(Source: Flickr / mphotographyw)
(Source: Flickr / mphotographyw)
An MSF team entered Gaza on Thursday to scale up MSF emergency response as an Israeli ground offensive is launched
As I struggle with violence of my species, I force myself to remember the words of Mr. Rogers’ mother, “Look for the helpers.”
The 1994 Criminal Justice Act is responsible for the club culture we know today.
The CJA is 20 years old. This one piece of legislation resulted in many of my friends, and myself, being arrested many times over the years.
This week’s column is inspired by Glenn Beck’s decision to help the undocumented children at the border (which you may recall I blogged about here a couple days ago). Sometimes I think we need a reminder that as much as protests, constructive criticism, and politics are important, there’s a lot we can do right now which doesn’t require government at all:
Why shall I wait for someone else? Why shall I be looking to the government or the army that they will help us? Why don’t I raise my voice? Why won’t we speak up for our rights?
We should be inspired by Malala to ask the same questions: Why should we wait for Washington to act? Why should we look to the government to fix our problems? To order our society? To decide what’s good for our families?
Why don’t we raise our voices?
Government is notoriously lethargic. It’s simply not practical to wait for every problem to be solved by the state or for top-down solutions to emerge. While DC is busy wasting and waffling, we can actually make a difference in our communities and around the world:
- If you care about bringing peace and prosperity to the Middle East, put your money where your mouth is. Organizations like World Vision, Operation USA, Direct Relief, and more work in war-torn and generally impoverished areas worldwide to provide much-needed relief aid. If you’re not sure where to give, check out www.CharityNavigator.com. Personally, I like to support aid to regions where my own government is a source of the conflict. I may not be able to convince Washington to stop their wars, but at least with a tax-deductible donation I can divert a little bit of money away from the war chest and toward peacemaking activities.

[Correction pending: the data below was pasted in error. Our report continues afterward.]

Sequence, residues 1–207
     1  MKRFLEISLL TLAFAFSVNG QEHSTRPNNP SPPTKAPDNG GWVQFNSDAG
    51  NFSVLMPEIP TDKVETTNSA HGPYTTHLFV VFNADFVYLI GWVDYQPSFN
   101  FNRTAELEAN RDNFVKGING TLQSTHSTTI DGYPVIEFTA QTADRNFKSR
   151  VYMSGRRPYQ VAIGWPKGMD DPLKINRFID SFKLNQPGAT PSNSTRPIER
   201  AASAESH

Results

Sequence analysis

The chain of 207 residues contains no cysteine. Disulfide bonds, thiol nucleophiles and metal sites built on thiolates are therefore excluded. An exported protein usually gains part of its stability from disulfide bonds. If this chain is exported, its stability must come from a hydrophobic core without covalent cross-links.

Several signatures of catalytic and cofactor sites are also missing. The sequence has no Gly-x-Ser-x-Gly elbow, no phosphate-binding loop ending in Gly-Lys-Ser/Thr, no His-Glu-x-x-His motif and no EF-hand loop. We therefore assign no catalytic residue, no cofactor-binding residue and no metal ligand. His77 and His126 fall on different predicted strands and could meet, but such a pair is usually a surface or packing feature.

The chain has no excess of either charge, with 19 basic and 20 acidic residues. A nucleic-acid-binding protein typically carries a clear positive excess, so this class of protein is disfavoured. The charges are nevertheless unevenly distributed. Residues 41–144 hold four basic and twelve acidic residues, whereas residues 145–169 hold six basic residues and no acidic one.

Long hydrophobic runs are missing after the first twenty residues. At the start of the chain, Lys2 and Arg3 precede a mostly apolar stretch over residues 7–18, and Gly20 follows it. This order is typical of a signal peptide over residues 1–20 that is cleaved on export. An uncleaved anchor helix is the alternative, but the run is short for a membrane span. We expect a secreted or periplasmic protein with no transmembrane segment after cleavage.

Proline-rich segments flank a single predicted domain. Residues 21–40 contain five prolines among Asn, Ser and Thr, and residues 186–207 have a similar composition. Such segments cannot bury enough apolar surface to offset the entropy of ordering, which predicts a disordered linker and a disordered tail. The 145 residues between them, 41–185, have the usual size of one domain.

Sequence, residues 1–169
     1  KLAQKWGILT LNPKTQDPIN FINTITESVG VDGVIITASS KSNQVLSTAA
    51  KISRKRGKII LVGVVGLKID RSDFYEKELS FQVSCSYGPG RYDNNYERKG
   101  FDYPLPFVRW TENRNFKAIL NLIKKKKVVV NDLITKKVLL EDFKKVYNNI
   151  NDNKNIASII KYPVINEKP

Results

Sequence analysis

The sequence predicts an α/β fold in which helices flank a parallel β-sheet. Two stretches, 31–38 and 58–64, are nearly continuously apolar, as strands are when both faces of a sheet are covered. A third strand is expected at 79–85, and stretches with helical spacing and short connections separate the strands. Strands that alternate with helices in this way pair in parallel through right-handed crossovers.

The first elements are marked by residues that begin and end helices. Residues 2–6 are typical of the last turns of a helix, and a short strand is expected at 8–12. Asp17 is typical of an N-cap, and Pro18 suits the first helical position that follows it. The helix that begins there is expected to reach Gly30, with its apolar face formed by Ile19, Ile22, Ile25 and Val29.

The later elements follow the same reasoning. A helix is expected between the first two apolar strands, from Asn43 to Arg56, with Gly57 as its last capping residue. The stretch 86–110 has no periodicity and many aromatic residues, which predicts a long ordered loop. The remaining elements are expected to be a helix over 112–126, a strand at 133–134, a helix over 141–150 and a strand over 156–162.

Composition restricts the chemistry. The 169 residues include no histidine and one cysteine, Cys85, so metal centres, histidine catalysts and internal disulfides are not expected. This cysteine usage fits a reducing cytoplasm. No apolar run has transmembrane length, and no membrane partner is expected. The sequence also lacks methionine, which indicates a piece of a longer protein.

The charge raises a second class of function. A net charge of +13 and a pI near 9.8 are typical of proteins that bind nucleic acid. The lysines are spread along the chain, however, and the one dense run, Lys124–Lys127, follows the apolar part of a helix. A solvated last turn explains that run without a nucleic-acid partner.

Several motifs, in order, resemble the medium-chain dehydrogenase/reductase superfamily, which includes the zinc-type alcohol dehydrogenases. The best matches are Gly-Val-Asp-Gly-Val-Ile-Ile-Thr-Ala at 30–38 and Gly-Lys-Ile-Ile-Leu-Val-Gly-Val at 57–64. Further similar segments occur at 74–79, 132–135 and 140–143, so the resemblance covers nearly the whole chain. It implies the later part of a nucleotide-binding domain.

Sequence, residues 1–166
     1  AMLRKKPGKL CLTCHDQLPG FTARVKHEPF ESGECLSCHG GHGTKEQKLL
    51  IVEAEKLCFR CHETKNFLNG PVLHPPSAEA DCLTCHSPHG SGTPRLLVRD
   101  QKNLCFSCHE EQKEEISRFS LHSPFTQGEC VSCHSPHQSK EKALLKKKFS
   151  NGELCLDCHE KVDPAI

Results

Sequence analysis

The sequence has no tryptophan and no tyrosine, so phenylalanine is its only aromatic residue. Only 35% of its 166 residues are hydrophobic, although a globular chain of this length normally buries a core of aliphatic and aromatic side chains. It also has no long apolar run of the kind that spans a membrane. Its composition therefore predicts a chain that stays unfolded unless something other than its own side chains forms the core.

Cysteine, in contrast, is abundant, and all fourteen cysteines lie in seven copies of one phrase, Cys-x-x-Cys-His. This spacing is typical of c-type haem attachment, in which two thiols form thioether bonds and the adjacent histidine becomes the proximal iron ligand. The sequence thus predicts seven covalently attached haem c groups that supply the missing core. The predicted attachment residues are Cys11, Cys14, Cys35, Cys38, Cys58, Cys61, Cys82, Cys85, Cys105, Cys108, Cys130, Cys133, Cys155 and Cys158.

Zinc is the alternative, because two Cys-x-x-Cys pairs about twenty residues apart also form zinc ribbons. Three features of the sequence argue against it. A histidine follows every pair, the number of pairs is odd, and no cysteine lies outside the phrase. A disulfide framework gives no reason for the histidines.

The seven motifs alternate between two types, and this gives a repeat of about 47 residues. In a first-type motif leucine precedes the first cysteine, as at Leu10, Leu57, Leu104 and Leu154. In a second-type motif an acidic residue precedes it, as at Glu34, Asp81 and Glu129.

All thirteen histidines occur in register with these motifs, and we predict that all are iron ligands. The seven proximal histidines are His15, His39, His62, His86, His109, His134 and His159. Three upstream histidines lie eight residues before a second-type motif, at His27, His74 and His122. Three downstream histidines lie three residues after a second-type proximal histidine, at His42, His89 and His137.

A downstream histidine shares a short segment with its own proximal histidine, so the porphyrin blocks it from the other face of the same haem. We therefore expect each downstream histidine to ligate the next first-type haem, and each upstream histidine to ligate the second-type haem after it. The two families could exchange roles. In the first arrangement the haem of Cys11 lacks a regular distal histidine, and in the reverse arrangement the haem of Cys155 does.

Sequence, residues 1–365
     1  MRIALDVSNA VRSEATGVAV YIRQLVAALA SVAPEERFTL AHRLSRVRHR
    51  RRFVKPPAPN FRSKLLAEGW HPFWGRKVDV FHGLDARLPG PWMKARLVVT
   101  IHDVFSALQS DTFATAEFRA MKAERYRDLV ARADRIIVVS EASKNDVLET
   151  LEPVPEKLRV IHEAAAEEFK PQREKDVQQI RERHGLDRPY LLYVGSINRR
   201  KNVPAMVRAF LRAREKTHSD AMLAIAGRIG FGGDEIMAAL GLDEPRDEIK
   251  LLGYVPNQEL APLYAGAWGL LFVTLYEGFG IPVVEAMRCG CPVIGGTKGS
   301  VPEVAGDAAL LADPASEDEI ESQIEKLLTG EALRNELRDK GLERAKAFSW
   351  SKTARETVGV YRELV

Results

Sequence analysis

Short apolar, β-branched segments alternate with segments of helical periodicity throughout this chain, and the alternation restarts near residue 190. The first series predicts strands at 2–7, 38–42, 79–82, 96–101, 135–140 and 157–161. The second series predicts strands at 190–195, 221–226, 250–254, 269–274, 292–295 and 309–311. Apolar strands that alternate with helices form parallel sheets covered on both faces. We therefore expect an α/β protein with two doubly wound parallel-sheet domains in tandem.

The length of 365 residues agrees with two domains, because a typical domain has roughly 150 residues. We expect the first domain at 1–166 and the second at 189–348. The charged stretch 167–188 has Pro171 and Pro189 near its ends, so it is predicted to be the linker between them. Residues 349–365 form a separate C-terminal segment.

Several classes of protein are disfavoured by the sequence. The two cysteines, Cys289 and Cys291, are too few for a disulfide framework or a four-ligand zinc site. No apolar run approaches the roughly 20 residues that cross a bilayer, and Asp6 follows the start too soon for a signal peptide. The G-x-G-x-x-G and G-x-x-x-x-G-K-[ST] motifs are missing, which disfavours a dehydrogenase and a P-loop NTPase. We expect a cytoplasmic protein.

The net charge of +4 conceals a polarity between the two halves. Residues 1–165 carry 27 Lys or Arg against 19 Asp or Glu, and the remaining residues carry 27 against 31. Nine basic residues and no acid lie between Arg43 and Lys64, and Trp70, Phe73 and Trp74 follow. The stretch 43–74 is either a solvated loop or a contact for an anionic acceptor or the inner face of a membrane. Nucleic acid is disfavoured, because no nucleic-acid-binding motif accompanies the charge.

- If you care about inflation and crony capitalism, reevaluate where you bank. Particularly if you use a national or regional bank, look into your bank’s history of interaction with the government, and especially with the Federal Reserve. Are you banking at an institution that contributed to the financial crisis? Does your bank make risky loans that leave low-income families homeless? Local banks and credit unions are much more likely to be a positive financial force in your area. You may also want to look at what kind of special treatment and subsidies other businesses you frequent get from the federal, state, and local government.
- If you care about health care, poverty, and abortion, does your lifestyle make that obvious? Do you buy goods and services with the producers in mind? Do you take care of family and church members who can no longer work or have hit hard times? Would you open your home to a single mother-to-be needing a place to stay? Would you give her rides to pre-natal check-ups? Would you pay for those check-ups? Are you willing to actually lower your own standard of living to raise someone else’s? In short, do you truly live a charitable lifestyle—or do you just have inspiring political ideals?
Politics is important. It’s a big part of my life. I write and think about it all the time.
But politics only gets us so far.
If we really want to make the world freer, safer, and more prosperous—let’s stop waiting for the government to fix our problems and fix them ourselves.
We are far too comfortable with thinking of life as disposable.
The Rev. Charles Moore, a Methodist, saw self-immolation as way to draw attention to helping the poor and oppressed.